Published on May 15th, 2013 | by Anneli Hidalgo0
The nanotechnology field in Scandinavia is powering ahead with plentiful research projects, enjoying a strong influx of research cash. There’s also a lucrative and interesting intersection of nanotech with cleantech.
In February 2013, Sweden got a great honor: the European Commission chose Graphene Flagship, centered at Chalmers University in Gothenburg, as the research leader organization of a 10-year, billion-Euro project to study the nanomaterial graphene. Graphene, which is a one-atom-thick sheet of carbon, is considered a wonder material, with expected applications in myriad fields, including flexible phones, lighter-weight components for cars and airplanes, and advanced batteries.
A global position
While investment money has slowed down in general to cleantech and climate change innovations, the funds are flowing fast to study all types of nanomaterials and their properties. The recently formed Swedish industry organization Swednanotech estimates that roughly 750 million SEK was received in 2011 for nano research – by 2013’s end the total is expected to be 30% higher. Patents for nanotech inventions, and citations in mainstream scientific journals, are also on the rise from Scandinavian researchers.
Swednanotech’s main aims, according to CEO Åsalie Hartmanis, is to help Swedish academia and industry maintain a global position of prominence – especially in light of the fact that when a promising nano technique or material is ready for commercializing, it isn’t Swedish companies, but rather American companies and others, that she says come calling.
“The inquiries and offers are from American and other companies to buy the inventions,” Hartmanis said. “We don’t want to drain the Swedish knowledgebase in that way.”
Hartmanis says each of the Scandinavian nations tends to have a specialized area of nano research: in Finland the emphasis is on light and printing; Denmark tends heavily toward nano medicine and life science research; Norway has a national nanotech strategy focusing on improving basic industries, while Sweden has traditionally been strong in life science, biomedical and nano material research.
Nanotech companies, once a promising service or product is created, face the same issue cleantech companies do in Scandinavia: while agencies such as Sweden’s Vinnova are proactive in the initial stages of a young company’s life, it is hard to get funding to go the distance to commercialization.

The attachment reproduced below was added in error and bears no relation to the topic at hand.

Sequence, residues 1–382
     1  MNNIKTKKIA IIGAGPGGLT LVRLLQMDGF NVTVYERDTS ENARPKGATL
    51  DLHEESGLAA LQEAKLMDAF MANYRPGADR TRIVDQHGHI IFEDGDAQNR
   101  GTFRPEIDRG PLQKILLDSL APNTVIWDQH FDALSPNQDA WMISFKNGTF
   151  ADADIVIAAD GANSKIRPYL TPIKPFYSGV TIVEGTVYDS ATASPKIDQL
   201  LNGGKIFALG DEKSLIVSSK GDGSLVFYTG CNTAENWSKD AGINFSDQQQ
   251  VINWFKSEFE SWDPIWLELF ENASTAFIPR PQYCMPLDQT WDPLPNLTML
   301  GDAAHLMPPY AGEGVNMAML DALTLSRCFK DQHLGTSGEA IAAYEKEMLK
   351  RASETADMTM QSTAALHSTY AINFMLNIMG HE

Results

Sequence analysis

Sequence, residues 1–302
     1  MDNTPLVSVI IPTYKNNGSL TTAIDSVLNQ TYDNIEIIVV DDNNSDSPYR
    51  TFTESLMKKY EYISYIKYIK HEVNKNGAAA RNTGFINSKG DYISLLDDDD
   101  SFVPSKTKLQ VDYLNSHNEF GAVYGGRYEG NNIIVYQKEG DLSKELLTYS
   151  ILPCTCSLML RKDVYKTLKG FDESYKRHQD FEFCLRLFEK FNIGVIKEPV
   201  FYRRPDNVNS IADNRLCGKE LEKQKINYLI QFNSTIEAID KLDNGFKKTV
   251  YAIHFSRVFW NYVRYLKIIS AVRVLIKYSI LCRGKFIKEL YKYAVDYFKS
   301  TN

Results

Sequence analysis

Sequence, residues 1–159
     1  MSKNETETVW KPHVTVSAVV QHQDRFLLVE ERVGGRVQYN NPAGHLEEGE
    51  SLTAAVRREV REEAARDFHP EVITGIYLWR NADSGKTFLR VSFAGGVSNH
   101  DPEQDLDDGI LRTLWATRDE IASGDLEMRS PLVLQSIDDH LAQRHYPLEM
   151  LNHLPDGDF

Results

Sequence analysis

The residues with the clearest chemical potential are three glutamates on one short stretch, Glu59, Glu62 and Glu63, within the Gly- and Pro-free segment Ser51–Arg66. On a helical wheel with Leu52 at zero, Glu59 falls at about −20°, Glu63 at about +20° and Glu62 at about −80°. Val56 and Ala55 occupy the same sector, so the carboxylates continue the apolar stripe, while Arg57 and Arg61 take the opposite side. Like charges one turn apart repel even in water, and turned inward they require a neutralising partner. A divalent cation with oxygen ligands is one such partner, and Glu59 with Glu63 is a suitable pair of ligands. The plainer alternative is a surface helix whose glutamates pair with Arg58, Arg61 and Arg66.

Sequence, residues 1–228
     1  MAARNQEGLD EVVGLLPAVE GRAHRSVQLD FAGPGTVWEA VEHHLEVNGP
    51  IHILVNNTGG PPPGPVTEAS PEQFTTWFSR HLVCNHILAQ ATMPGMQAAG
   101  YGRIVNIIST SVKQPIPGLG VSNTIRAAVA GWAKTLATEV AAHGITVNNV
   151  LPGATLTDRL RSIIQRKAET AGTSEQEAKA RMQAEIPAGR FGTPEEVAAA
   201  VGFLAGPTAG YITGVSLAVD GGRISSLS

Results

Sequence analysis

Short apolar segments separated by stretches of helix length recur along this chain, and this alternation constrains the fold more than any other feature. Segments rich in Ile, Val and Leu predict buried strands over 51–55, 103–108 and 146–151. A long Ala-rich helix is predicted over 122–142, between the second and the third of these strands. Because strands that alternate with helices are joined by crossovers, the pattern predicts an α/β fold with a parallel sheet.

Nanowires and wastewater management
Researchers at Swedish universities are working intensively on nanowires, which will open up the possibility of cheaper solar photovoltaic cells. The tiny nanowires, according to researcher Michael Käll, function as antenna, sitting in rows and grabbing radiation more effectively for a solar cell. Lund University scientists working with the nano antennas have achieved a solar cell that is 13.8% efficient – getting nearer to the best efficiency of what are called ‘planar’ solar cells.
Swedish company Sol Voltaics AB is one of six projects recently chosen by the Swedish Energy Agency to receive significant grant money to further solar nano technology research and product commercialization in Sweden. Sol Voltaics is using a process called aerotaxy to produce this nanowires, and is working with the Lund researchers with the hope to commercialize the nanowire photovoltaic solution when the team achieves 30% efficiency.
As Damir Asoli of Sol Voltaics notes, the current list of investors in the company does have some major Swedish names, such as Stockholm’s Foundation Asset Management, Industrifonden, and Teknoinvest. Yet Norway’s Nano Future Invest and Scatec’s Alf Bjørseth are also betting on Sol Voltaics, and Asoli said the company will need investment from “all over the place” to get to commercialization of its nanowires.
“There is a lot of buzz around nanowires, and that’s good,” Asoli said. “But we will need another round of financing, more cash, and more supporting agencies.” Asoli won’t say exactly when its gold-based nanowires will get to market – only that Sol Voltaic is planning to be the first out with the technology.
Nanotech and cleantech share the potential to find new ways to deal with some of the globe’s most pressing problems such as climate change and finite natural resources. While solar represents the most active overlapping area between cleantech and nanotech, it is not the only one. Wastewater management is another promising area, with companies such as Swedish Nanologica AB producing porous materials for wastewater filtration and separation, and Denmark’s AQUAPorin making water-selective membranes for purification.
A spirit of cooperation
Nanotechnology has suffered from some negative press regarding the possible ramifications to humans of introducing nanoparticles into food, cosmetics, and other consumer products. Swednanotech’s Hartmanis says she feels Swedish scientists are ‘quite active’ in nanosafety and the government is working on an action plan for safe handling of nanomaterials; the Danes for their part have created a unique ‘Nanodatabase’ that lists more than 1,200 different products which contain, or are purported to use, nanomaterials.
As far the intersection of cleantech and nanotech companies, Hartmanis says what is most important is a spirit of cooperation and collaboration between large companies, which have more resources, and their smaller counterparts, which may be at the cutting edge of innovation, like Sol Voltaics.
“To mature the nanotech industry, we’ll have to bridge the gap between academic research and business, get closer cooperation between large and small companies, and also get manufacturing to the next step,” she said.